Fire and Ice
Treasures from the Photographic Collection of Frederic Church at Olana
Foreword by Kevin Avery
Frederic Church (1826–1900), who gained international renown for paintings such as Niagara (1857), Heart of the Andes (1859), Twilight in the Wilderness (1860), and The Icebergs (1861), was inspired by his extensive travel and study. His work was also informed by his appreciation of a new visual medium. Fire and Ice, a selection from the several thousand photographs and daguerreotypes Church collected at Olana, his Orientalist home on the Hudson River, provides insight into the interests and taste of one of nineteenth-century America's greatest painters.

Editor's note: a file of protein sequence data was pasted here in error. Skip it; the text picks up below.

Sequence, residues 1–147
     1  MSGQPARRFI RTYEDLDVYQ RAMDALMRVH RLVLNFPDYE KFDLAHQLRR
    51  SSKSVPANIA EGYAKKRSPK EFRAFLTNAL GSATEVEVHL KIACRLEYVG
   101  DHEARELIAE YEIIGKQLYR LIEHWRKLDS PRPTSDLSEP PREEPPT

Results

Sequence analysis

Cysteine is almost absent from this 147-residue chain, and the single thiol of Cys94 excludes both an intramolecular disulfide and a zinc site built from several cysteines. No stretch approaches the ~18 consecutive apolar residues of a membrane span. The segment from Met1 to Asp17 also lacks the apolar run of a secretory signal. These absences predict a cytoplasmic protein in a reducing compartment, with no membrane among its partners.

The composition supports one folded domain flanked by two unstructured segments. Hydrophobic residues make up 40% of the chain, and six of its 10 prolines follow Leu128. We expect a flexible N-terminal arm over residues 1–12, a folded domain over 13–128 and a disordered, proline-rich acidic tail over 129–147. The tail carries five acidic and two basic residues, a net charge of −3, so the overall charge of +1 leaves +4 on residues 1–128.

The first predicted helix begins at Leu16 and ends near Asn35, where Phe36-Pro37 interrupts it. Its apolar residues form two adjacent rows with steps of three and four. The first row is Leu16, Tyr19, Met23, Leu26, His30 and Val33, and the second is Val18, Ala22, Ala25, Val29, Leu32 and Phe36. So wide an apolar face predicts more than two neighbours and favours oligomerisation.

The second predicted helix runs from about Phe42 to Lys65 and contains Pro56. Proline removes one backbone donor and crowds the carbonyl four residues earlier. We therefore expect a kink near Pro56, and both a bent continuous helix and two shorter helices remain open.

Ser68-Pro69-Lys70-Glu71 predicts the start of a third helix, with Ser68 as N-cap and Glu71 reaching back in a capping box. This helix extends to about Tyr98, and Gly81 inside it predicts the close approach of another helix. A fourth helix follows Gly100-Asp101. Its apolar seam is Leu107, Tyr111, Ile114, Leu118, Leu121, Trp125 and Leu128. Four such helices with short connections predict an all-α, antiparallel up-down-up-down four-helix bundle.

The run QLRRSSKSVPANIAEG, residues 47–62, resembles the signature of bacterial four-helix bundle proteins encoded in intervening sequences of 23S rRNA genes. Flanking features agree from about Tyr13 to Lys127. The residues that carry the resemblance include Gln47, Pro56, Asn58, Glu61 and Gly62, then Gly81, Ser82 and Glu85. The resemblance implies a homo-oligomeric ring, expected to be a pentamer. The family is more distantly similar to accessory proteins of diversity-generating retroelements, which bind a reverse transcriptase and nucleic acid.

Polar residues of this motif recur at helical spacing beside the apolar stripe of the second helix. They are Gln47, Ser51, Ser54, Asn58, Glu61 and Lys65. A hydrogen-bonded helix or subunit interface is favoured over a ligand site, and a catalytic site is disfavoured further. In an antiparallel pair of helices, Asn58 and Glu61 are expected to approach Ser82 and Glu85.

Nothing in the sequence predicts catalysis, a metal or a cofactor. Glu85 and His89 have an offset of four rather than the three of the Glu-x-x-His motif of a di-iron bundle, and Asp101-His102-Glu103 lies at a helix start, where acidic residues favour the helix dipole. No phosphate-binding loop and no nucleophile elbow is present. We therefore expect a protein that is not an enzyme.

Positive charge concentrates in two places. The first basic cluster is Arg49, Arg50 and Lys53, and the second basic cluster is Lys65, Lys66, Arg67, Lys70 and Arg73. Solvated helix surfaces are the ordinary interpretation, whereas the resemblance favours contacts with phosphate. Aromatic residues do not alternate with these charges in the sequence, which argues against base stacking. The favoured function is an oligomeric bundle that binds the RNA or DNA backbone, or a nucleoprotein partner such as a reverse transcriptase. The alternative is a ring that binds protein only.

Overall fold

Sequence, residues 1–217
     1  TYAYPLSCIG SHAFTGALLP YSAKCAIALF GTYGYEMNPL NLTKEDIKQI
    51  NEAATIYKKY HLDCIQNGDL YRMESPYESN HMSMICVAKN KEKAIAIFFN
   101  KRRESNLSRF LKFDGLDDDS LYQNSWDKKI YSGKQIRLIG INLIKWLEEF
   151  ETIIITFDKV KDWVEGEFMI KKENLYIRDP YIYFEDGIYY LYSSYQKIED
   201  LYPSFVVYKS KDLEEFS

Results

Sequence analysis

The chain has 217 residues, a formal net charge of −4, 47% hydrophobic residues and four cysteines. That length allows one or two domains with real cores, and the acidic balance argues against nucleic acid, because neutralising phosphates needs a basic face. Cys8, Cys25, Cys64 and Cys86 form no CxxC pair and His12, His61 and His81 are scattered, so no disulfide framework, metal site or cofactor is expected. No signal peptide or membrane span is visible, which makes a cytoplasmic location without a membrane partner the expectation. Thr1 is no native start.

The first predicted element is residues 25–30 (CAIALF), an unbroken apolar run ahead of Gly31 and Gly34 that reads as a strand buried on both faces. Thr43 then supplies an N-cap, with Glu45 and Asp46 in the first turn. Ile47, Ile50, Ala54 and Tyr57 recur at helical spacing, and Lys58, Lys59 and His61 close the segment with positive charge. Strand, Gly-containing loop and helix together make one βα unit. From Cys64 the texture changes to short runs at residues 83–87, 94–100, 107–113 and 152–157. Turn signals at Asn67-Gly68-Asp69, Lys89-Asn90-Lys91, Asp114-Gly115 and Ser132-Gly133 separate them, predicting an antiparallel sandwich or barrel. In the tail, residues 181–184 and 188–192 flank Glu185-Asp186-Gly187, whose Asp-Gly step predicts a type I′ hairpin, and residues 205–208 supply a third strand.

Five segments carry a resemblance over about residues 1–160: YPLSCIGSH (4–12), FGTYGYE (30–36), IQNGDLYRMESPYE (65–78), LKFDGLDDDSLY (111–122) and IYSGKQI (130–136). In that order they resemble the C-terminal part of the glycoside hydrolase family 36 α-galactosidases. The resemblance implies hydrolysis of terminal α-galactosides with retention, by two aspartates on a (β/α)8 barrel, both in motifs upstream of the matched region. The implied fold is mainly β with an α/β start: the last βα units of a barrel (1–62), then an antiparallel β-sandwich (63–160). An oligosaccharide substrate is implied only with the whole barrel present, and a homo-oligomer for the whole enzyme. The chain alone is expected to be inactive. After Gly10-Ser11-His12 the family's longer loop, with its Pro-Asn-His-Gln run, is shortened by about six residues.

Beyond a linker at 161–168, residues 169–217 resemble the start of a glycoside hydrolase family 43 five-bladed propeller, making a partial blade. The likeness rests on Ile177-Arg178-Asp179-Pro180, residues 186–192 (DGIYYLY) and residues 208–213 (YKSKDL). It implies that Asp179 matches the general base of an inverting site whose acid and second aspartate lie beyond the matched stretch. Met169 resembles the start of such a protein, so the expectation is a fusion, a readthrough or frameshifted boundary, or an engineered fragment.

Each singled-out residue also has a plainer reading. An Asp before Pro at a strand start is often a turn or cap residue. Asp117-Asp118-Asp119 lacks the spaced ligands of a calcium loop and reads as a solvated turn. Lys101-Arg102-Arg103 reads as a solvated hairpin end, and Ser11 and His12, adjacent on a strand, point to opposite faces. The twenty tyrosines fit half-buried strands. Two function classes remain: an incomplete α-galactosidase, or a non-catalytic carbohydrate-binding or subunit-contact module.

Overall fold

Church was a boy of thirteen when the invention of photography was announced to the world. As a painter, he was of the first generation to grow up with photographs and consider them a useful adjunct to his work. Church collected photographs and daguerreotypes by early pioneers of the art, including Désiré Charnay, Eadweard Muybridge, and Carleton Watkins. His collection appears to have served largely as a source of inspiration and armchair travel, reminding him of favorite locations and details of architecture, culture, and landscape.
In Fire and Ice, images from Church's collection are shown along with a selection of his own oil sketches, drawings, and archival materials. Some of the photographs are devoted to the varied geographical interests reflected in Church's art and travels: Central and South America, the Middle East, and the polar North. Others served as visual reference for the design and construction of Olana. Lavishly illustrated, Fire & Ice shows how the photographs in Church's collection echoed the principal stages of the painter's career.